And all I could think was, how did this “Lestat” fiasco ever happen?
Elton was among a group of honorees on Tuesday night including Tommy Hilfiger — who stayed 'til the end of the long evening — and Quincy Jones, who ducked out early and missed Elton’s performance.
I also spotted Steve van Zandt, who’s doing such a phenomenal job this season as Silvio on "The Sopranos," and his wife Maureen, who plays his wife on the show; Bobby Funaro, who hanged himself on the show a few weeks ago; Gayle King, of “Oprah” fame, looking glamorous; plus Claude Nobs of the Montreux Jazz Festival, Montell Williams, Henry Schleiff of Court TV; Sarah Ferguson — Fergie to us; and Katie Couric, who reciprocated to Nile Rodgers because he led her Motown band at her charity function a couple of months ago.
Did I mention that after Elton departed, Taylor Dayne and Martha Wash belted out disco numbers? And the original members of Chic (sans the late Bernard Edwards) rocked the house with “Le Freak” and a killer version of “I Want Your Love”?
Van Zandt, by the way, raved to me about Bruce Springsteen’s rehearsal shows in Asbury Park over the last few days. If you don’t know, Springsteen has a new album and a tour coming.
Meantime, Nancy and Nile have done a great job with their organization in the five years since 9/11. Each year it gets better and better, and you can track the progress on their Web site.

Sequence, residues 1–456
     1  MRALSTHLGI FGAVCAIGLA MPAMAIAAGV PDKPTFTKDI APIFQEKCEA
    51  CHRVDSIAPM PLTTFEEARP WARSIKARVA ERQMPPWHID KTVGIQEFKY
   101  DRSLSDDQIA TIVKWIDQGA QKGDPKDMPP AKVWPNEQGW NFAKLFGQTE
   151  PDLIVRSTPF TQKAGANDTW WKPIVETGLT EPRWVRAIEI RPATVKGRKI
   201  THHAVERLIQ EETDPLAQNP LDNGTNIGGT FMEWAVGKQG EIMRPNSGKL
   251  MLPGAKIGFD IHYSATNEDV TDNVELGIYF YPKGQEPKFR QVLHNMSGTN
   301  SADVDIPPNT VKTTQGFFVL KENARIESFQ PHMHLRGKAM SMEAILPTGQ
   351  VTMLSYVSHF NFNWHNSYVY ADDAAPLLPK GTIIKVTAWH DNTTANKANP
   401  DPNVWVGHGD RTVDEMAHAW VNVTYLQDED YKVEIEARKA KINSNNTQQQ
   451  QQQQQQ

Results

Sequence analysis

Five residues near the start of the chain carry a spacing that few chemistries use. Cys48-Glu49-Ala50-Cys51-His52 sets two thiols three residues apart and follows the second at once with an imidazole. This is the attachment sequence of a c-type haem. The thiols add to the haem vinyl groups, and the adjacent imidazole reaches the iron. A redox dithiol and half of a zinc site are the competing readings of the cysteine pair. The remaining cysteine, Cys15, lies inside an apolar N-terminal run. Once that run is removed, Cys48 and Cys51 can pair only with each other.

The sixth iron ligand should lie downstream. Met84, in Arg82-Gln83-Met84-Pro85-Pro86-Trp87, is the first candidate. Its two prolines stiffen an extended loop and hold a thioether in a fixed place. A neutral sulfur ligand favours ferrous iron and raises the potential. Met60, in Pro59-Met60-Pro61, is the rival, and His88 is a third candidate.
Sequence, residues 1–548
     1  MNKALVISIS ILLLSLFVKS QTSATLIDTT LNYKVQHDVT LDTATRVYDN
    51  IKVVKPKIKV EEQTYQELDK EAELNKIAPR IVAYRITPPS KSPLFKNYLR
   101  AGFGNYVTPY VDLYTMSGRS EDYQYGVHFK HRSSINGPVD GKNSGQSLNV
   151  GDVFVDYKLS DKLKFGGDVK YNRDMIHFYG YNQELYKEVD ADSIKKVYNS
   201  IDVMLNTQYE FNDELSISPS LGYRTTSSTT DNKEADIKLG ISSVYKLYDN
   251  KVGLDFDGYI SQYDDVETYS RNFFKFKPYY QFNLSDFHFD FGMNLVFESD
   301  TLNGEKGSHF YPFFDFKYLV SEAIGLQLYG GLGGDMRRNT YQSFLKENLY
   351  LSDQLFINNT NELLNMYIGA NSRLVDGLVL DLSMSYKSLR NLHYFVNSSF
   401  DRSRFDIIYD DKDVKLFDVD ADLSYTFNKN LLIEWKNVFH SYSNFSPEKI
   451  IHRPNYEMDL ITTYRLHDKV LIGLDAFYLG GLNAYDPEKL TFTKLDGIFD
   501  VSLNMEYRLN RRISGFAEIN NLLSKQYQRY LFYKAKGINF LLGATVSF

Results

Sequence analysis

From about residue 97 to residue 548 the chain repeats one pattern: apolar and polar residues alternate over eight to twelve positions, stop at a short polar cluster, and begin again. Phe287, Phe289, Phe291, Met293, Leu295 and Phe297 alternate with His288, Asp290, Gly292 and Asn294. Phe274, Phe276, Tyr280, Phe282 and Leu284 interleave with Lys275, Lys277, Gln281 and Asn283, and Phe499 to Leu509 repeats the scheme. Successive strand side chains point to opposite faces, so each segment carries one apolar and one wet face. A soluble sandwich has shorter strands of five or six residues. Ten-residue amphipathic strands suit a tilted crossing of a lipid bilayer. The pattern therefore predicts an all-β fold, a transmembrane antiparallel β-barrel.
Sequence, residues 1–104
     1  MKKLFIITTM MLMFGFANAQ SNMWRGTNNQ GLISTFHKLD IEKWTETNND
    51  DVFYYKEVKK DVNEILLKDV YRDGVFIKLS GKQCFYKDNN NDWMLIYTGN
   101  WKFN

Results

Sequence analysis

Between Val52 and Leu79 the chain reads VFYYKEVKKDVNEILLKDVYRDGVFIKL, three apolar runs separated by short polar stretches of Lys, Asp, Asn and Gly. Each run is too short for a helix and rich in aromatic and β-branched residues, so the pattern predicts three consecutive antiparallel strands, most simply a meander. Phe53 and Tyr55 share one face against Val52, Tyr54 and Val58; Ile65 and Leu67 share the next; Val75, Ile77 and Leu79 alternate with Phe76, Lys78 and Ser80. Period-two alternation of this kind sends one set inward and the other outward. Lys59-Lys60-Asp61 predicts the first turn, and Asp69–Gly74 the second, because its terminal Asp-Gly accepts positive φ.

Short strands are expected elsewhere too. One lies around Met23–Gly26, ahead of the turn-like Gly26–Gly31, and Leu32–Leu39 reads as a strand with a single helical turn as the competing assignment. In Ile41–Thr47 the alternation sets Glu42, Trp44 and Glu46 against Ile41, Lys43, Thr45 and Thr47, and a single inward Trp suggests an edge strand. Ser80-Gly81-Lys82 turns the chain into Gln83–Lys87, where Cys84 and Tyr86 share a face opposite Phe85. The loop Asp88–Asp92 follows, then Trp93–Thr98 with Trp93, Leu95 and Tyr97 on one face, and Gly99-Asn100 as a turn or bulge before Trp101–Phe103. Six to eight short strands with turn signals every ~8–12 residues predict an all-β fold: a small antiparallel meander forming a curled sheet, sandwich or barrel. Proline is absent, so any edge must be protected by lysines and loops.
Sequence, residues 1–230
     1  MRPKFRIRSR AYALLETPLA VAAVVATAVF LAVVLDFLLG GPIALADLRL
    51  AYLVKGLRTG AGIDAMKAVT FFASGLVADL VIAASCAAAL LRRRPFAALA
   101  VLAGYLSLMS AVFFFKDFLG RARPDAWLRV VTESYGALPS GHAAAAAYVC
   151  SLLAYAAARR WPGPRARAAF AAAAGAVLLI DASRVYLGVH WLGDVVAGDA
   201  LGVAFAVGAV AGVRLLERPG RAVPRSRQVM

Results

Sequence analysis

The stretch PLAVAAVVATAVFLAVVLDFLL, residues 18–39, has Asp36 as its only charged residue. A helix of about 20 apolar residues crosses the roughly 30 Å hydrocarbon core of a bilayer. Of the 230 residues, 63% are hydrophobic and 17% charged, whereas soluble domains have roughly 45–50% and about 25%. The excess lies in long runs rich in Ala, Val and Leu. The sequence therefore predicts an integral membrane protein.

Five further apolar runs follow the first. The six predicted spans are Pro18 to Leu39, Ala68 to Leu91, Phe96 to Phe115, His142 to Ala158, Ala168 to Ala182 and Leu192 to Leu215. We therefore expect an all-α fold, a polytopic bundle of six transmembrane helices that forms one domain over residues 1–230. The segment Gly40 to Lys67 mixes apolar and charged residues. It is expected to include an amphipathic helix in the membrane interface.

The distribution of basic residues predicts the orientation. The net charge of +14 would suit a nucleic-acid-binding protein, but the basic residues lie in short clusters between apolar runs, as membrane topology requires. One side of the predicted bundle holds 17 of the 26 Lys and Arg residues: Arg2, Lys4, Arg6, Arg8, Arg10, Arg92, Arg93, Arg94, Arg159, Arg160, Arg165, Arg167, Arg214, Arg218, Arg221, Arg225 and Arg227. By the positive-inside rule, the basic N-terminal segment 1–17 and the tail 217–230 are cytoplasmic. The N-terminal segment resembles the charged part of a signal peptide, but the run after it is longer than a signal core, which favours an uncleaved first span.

Michael Jackson’s German logo, stamped all over his various merchandise in that country, was sold at auction this week for a measly $100,000. Wolfgang Rath, who owned the logo, sold it to a still unidentified man. No one from Sony or Jackson’s new management bid on it, however, which is odd since Germany is the only country left with active Michael Jackson fans...
The Tribeca Film Festival really got started last night in earnest with the debut of “Walker Payne,” an ambitious if not always successful drama written and directed by Matt Williams. Williams is a veteran writer/creator from "The Cosby Show," "Home Improvement" and "Roseanne." Brando-ish Jason Patric plays a laid-off miner in rural 1957 Illinois whose divorced wife, played by the disarmingly good Drea De Matteo, is willing to sell him their two small daughters so she can split. To get the money, Patric enters his beloved dog into illegal dog-fights agented by Sam Shepard. Solid performances and good direction, but the material is a little unappetizing and the ending is downbeat, to say the least. You could call it “Bite Club.” The dog, however, has a future…
More reports on "Mission: Impossible 3" while Tom Cruise shops in Paris for baby clothes for a baby he’s spent only a couple of days with since her birth (I like how he told the press junkets about changing diapers. The baby was born last Monday, and Tom took for Europe by Friday or Saturday. He hasn’t been home since then!) Anyway, the word is “mindless fun” and “a big hit” and “Philip Seymour Hoffman takes the pressure off of Tom.” Paramount should be damn happy with that report…
The aforementioned Sam Shepard and Jessica Lange turned up on Monday night to salute Mikhail Baryshnikov’s participation in the National Foundation for Advancement in the Arts (NFAA). You may recall Lange has a child with him. They are all such good friends, years later! Other guests included such heavyweights as Debra Winger, Christo & Jeanne-Claude, Kitty Carlisle Hart, John Guare, Ramsey Lewis and Arthur Penn…